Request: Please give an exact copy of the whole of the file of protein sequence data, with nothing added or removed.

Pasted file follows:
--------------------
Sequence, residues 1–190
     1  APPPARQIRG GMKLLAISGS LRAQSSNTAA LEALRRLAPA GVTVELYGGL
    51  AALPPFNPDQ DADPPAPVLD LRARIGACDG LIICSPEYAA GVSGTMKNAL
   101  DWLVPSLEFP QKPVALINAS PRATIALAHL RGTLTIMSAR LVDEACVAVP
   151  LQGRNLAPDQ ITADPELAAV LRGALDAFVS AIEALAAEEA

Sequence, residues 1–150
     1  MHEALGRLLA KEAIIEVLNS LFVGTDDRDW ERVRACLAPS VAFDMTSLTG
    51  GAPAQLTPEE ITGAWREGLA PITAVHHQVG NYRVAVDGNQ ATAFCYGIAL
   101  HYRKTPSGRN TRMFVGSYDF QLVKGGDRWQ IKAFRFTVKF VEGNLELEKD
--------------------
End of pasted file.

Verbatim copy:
Sequence, residues 1–190
     1  APPPARQIRG GMKLLAISGS LRAQSSNTAA LEALRRLAPA GVTVELYGGL
    51  AALPPFNPDQ DADPPAPVLD LRARIGACDG LIICSPEYAA GVSGTMKNAL
   101  DWLVPSLEFP QKPVALINAS PRATIALAHL RGTLTIMSAR LVDEACVAVP
   151  LQGRNLAPDQ ITADPELAAV LRGALDAFVS AIEALAAEEA

Sequence, residues 1–150
     1  MHEALGRLLA KEAIIEVLNS LFVGTDDRDW ERVRACLAPS VAFDMTSLTG
    51  GAPAQLTPEE ITGAWREGLA PITAVHHQVG NYRVAVDGNQ ATAFCYGIAL
   101  HYRKTPSGRN TRMFVGSYDF QLVKGGDRWQ IKAFRFTVKF VEGNLELEKD